Heron Eating a Rat in New York City Sparks Awe: 'The Star This City Needs'

A great blue heron that was spotted eating a large rat in New York City on Sunday has sparked awe on social media.

David Barrett, an avid birdwatcher and photographer who runs the popular Twitter account Manhattan Bird Alert, snapped fascinating images and video of the incident, which occurred on Sunday morning at the Central Park Pond.

The great blue heron is a large wading bird that is found near bodies of water across much of North America and Central America. The large birds can reach head-to-tail lengths of up to around 54 inches and can weigh as much as 8 pounds.

In a Twitter post, Barrett said: "Great Blue Herons eat plenty of fish, but they won't pass up a meaty and filling New York City rat."

"It took the Great Blue Heron only a few seconds to lift the rat, once killed, out of the water and swallow it—this morning at the Central Park Pond," he said in another post.

Several social media users praised the heron for its actions, joking that the bird was providing residents with a beneficial service by reducing the population of New York City's infamous rats.

"Rat heron is clearly the star this city needs," one Twitter user, Willy Blackmore, said.

Rat heron is clearly the star this city needs

— Willy Blackmore (@willyblackmore) September 5, 2021

Meanwhile, another Twitter user, identified only as "Emily," said in reference to the heron: "Can we get one of these on every corner?"

Twitter user Ryan Nanni suggested that the great blue herons might serve a useful purpose in the New York subway system.

"Well f*** let's put thousands of herons in the subway," he said.

John Levendosky thought the city should go even further. "Does this make that Blue Heron the new Mayor of NYC? Because it should. At the very least we should make the whole species the new official City Bird," he said.

In the footage captured by Barrett, the bird can be seen swallowing the rat whole in a few seconds, while standing in the pond.

One social media user asked whether the rat was still alive while it was being swallowed. But in a response, Barrett said that the small mammal was dead and had likely been "speared" by the heron and possibly then drowned.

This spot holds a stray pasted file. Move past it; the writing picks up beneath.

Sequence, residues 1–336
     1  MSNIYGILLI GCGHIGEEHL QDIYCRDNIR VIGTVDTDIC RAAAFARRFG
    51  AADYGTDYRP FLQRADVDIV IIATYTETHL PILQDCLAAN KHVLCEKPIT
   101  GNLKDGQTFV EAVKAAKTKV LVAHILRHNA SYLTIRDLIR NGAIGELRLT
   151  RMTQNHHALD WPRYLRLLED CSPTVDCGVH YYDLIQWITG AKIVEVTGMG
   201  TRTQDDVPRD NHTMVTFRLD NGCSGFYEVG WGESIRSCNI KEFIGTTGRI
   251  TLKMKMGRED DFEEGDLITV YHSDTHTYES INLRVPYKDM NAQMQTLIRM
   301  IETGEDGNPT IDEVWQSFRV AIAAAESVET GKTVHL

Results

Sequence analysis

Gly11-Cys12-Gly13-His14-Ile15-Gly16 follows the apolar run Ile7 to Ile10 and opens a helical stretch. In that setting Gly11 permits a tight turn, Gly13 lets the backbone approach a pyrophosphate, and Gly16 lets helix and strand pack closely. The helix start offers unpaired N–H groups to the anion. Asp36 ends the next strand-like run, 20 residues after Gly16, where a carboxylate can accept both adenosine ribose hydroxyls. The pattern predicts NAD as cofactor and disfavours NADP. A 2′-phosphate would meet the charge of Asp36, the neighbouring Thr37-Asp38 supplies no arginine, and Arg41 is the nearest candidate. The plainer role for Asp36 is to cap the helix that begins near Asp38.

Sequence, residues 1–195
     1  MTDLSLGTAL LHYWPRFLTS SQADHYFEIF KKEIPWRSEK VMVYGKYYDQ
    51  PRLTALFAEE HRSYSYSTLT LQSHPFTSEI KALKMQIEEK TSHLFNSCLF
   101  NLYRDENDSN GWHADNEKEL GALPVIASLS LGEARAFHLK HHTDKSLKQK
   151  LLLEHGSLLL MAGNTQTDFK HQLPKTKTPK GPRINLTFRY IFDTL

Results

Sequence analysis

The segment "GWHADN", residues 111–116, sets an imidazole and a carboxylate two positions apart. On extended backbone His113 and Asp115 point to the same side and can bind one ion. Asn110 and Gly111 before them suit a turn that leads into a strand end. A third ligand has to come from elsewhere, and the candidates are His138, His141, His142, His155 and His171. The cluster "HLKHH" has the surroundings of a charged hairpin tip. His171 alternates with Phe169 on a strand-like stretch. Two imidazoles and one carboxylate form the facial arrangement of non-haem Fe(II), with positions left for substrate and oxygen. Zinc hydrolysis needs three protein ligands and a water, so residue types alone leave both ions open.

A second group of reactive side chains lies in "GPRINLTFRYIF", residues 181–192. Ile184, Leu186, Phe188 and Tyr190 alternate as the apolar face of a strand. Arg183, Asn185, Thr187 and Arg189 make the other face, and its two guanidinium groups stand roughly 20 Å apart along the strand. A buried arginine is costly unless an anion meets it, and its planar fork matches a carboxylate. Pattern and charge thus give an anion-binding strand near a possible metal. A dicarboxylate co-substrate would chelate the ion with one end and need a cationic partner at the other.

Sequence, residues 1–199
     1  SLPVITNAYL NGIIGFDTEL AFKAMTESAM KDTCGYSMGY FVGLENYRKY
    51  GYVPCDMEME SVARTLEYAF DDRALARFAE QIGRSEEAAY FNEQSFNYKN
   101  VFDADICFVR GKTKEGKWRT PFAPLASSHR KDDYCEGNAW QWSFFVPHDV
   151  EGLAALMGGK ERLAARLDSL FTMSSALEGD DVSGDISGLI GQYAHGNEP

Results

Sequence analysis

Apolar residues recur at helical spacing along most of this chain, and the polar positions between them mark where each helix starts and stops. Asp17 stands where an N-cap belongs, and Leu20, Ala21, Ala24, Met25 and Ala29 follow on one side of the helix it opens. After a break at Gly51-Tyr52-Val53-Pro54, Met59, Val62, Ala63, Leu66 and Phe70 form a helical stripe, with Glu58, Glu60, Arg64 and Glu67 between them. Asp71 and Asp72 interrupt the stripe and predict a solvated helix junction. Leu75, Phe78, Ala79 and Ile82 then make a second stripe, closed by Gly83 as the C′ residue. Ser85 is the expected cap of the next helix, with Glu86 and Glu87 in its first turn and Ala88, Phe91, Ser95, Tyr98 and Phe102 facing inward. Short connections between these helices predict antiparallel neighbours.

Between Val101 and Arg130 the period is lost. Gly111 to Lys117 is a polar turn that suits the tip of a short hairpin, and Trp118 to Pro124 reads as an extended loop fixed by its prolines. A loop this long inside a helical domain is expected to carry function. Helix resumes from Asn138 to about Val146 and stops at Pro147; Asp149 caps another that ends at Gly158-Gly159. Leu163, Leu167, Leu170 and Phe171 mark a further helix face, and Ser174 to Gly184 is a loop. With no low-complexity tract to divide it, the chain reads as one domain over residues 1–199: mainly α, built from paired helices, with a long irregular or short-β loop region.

Barrett told Newsweek that he had come to Central Park to shoot wildlife photos and videos, when he saw a "promising scene" on the east side of the pond, near 60th and Fifth Avenue.

"I saw the heron from a distance appearing to be eating something," he told Newsweek. "As I zoomed in with my camera, I saw that the heron's victim was a large rat, and I got one photo of the bird while it was mostly still, dipping the rat in the water to make it easier to swallow.

The video below is shared courtesy of David Barrett @BirdCentralPark on Twitter.

https://t.co/klk6YW0rxf

— Manhattan Bird Alert (@BirdCentralPark) September 5, 2021

"Then the heron started moving its neck, so I switched my camera to video mode and was fortunate to get footage of the bird swallowing the rat, a process that took only a few seconds. It appears longer in my video because I used slow-motion replay," he said.

Barrett said he had never seen a great blue heron eating a rat before, although he has seen a black-crowned night heron consuming one.

"It's unusual to see! The large size of the rat made it all the more impressive," he said.

The diet of the great blue heron consists mostly of fish, but Barrett said they will eat pretty much anything they can catch, commonly frogs, crayfish and crabs.

Less frequently, they will eat small birds and small mammals, such as mice, voles and rats.

Correction 09/09/2021, 6:02 a.m ET: This article was updated to correct the potential weight of a great blue heron.

Great blue heron eating a rat
A great blue heron eating a rat in New York City's Central Park Pond. David Barrett